European charge sets up thrilling finale
Dressed in the colours of the late Seve Ballesteros, Europe were fittingly fighting for all they were worth on the final day of The Ryder Cup in Chicago.
But after four hours' play they were still needing nearly everything to go their way to have a chance.
The four-point overnight deficit became three when Luke Donald beat Masters Tournament champion Bubba Watson 2 1 in the top game.
Scot Paul Lawrie was on course to register the second win of the singles as he led FedEx Cup winner Brandt Snedeker by four with four to go and World Number One Rory McIlroy - at the centre of attention again for a different reason even before he hit a shot - was two up on Keegan Bradley with three to go.
But with Phil Mickelson, Zach Johnson and Jason Dufner all holding advantages America's bid to regain the trophy they lost at The Celtic Manor Resort two years ago was still looking good.
The day had a quite astonishing start when word reached everybody that McIlroy was needing a police escort to reach the course in time for his match.
Two minutes late and he would forfeit the opening hole, five minutes late and he faced disqualification, but to the relief of every European he was driven into the parking lot with ten minutes to go, ran across to the practice putting green and then proceeded to reach the turn in a four under par 32, albeit only two-up.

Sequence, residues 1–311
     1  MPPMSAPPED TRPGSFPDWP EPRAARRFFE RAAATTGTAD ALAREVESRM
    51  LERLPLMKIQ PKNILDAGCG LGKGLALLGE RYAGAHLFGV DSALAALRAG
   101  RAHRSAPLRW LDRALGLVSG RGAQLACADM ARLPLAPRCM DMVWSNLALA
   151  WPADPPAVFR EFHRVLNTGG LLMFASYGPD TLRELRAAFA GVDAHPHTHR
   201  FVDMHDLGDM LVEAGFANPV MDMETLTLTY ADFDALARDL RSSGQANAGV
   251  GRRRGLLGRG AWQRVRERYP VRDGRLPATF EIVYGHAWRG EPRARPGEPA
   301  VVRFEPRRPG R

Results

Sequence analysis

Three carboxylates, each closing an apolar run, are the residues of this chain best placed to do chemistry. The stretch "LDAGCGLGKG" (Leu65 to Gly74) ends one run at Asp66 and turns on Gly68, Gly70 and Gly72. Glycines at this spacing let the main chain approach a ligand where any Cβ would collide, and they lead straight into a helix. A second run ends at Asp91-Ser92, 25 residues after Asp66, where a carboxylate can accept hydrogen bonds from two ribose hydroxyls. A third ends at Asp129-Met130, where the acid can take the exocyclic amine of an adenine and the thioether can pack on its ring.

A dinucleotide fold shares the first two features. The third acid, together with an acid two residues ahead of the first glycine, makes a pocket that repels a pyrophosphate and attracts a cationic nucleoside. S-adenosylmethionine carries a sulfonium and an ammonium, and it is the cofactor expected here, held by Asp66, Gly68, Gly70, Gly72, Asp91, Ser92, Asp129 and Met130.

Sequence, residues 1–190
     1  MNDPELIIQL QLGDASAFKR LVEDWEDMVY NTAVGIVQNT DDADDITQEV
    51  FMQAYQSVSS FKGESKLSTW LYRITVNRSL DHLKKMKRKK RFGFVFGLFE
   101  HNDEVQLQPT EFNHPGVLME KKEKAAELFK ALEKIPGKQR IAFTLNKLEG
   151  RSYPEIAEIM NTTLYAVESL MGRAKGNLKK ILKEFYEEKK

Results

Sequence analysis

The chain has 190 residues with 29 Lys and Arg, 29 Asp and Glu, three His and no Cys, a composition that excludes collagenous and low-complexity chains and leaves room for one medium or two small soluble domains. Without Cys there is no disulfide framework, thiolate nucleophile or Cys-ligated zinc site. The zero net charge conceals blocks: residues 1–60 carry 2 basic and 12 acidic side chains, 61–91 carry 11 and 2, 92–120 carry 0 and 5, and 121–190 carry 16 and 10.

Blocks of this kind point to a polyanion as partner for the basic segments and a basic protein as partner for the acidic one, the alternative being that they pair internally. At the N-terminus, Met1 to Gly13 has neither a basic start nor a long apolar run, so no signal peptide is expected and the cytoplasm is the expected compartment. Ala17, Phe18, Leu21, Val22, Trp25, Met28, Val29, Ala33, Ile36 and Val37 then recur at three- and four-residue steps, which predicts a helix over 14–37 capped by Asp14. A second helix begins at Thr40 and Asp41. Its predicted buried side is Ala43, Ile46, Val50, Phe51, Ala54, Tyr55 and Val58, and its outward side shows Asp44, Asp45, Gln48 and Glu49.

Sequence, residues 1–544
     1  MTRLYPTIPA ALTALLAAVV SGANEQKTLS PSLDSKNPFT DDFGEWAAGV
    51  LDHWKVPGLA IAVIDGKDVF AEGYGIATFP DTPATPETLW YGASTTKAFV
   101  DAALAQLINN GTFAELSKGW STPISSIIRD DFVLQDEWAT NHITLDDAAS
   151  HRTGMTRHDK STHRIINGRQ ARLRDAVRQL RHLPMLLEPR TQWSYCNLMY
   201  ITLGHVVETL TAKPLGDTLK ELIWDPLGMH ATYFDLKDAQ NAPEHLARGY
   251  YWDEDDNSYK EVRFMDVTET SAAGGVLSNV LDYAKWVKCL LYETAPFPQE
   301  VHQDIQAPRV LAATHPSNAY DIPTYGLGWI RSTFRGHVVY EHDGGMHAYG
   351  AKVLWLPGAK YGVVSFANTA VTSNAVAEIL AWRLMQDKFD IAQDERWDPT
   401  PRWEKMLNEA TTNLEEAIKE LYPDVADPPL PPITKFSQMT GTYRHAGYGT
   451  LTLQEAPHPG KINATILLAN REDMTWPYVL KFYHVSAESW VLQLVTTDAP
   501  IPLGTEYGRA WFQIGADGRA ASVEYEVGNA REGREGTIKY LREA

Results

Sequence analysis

European Captain José María Olazábal admitted his heart was "racing quicker than expected" and added: "We did not have that in mind.
"All of a sudden we realised Rory was not here and started to look for him. Finally we got hold of him and he came in." It was reported that the Northern Irishmen had seen a 12.25am tee-off time on television, but it was Eastern Time - one hour ahead of Chicago.
The United States, addressed by former Presidents George and George W Bush yesterday evening, led 10-6 overnight, which meant Olazábal's side had to take eight of the 12 games to retain the trophy with a tie.
It would match the record recovery of Ben Crenshaw's team in Boston in 1999 - a match that ended so controversially with a premature invasion of the 17th green - but things began promisingly for Europe.
Nearly three hours after the start the Americans were not ahead in any of the first six games, but still had no reason to panic.
Lead-off man Donald, playing in the city that has been his home for the past 15 years, was four-up on Bubba Watson with five to go, missed a five footer for victory on the next and then saw his opponent chip dead on the 15th and chip in at the next.
Watson went long into the crowd off the 17th tee, however, and needed to chip in again when Donald hit a bunker shot close, but made it only to the fringe and conceded.
"It was a big honour for me that Ollie had enough trust in me to go out and get that first point," Donald said. "That means a lot and I did what I had to do.
"It certainly helped having some local support. It wasn't totally going Bubba's way - I felt a lot of love from the crowd."
Ian Poulter, yesterday's star, was second out, but found himself all square with US Open Champion Webb Simpson with two holes remaining.
Three other games were level and Europe desperately needed them all to come out on top in them - and turn a couple of others around.
Lawrie closed the door in style with a superb pitch to four feet on the 15th and, when Snedeker hit a poor chip and was unable to make a birdie, the putt was conceded.
That meant a 5 and 3 win for Lawrie and took the overall match score to 10-8, Europe having taken the last four points available after trailing 10-4 on Saturday afternoon.